CONCLUSION: Deforestation occurred because the indigenous people sold forest land massively. The sale of the land claimed as ulayat forest is not restricted; anyone interested in opening a plantation in a forest area can buy the land from the customary authorities. Hence, deforestation has occurred as part of a systematic process involving critical figures in the community. Ulayat forest land sales involved government officers, such as high-ranking police officers and army personnel, and entrepreneurs, officials, civil servants, and other parties who supposedly understand forestry law. The study also confirmed that the economic factors driving deforestation are facilitated by the social networks between indigenous people and the people holding power. The findings of this study contradict the general fact that indigenous people can manage forests sustainably.

Graphical Abstract

Abnormality in optimal forest management by indigenous people in deforestation


  • The indigenous people become the most powerful party in the ownership of the production forest than the companies, and the government (PFMU Dharmasraya);
  • Three models of Ulayat forest land selling in PFMU Dharmasraya, namely: Selling by customary authorities, Selling through the broker and Selling by local people;
  • The research has identified 40 actors involved in production forest management. Ten actors were involved in deforestation indirectly and 22 actors directly through ulayat forest selling;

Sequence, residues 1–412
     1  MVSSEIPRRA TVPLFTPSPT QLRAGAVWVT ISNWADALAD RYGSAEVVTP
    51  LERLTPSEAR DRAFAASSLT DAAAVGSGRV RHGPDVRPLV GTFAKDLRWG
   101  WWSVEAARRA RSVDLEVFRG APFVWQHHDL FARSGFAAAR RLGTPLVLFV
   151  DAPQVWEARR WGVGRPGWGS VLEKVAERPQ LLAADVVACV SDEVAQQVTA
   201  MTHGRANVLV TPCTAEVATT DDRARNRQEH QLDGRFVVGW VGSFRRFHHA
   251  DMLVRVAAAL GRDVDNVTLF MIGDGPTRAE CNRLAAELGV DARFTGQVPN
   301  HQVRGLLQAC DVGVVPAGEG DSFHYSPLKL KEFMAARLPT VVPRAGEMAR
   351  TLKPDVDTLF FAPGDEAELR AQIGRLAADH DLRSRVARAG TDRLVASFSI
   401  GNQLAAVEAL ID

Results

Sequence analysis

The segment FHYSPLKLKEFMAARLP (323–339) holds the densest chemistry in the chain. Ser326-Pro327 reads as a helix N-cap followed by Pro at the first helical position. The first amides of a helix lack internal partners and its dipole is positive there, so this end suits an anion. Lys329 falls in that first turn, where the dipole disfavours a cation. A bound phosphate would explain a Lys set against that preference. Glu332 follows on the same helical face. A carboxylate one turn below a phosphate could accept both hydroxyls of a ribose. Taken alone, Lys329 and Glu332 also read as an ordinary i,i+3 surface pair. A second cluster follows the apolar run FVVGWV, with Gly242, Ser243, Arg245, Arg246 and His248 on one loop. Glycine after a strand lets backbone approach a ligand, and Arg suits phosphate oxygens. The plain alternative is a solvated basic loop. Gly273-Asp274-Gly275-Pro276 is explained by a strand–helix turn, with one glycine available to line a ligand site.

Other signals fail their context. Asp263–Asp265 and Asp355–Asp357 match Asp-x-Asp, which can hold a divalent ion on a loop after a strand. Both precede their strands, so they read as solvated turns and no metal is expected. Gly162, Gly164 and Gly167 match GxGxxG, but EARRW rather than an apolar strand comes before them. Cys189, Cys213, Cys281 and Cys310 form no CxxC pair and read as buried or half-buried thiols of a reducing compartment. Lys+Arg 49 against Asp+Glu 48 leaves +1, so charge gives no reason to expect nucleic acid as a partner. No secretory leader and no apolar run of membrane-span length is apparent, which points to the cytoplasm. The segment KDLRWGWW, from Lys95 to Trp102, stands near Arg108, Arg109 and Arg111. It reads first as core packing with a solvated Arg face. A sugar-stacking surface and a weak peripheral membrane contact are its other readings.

• Deforestation in PFMU Dharmasraya happened as a systematic process involving critical figures in the community.


Main Subjects


©2024 The author(s). This article is licensed under a Creative Commons Attribution 4.0 International License, which permits use, sharing, adaptation, distribution and reproduction in any medium or format, as long as you give appropriate credit to the original author(s) and the source, provide a link to the Creative Commons license, and indicate if changes were made. The images or other third party material in this article are included in the article’s Creative Commons license, unless indicated otherwise in a credit line to the material. If material is not included in the article’s Creative Commons license and your intended use is not permitted by statutory regulation or exceeds the permitted use, you will need to obtain permission directly from the copyright holder. To view a copy of this license, visit:


GJESM Publisher remains neutral concerning jurisdictional claims in published maps and institutional affiliations.


Google Scholar Scopus Web of Science PlumX Metrics Altmetrics Mendeley |


GJESM Publisher

Letters to Editor

GJESM Journal welcomes letters to the editor for the post-publication discussions and corrections which allows debate post publication on its site, through the Letters to Editor. Letters pertaining to manuscript published in GJESM should be sent to the editorial office of GJESM within three months of either online publication or before printed publication, except for critiques of original research. Following points are to be considering before sending the letters (comments) to the editor.

[1] Letters that include statements of statistics, facts, research, or theories should include appropriate references, although more than three are discouraged.
[2] Letters that are personal attacks on an author rather than thoughtful criticism of the author’s ideas will not be considered for publication.
[3] Letters can be no more than 300 words in length.
[4] Letter writers should include a statement at the beginning of the letter stating that it is being submitted either for publication or not.
[5] Anonymous letters will not be considered.
[6] Letter writers must include their city and state of residence or work.
[7] Letters will be edited for clarity and length.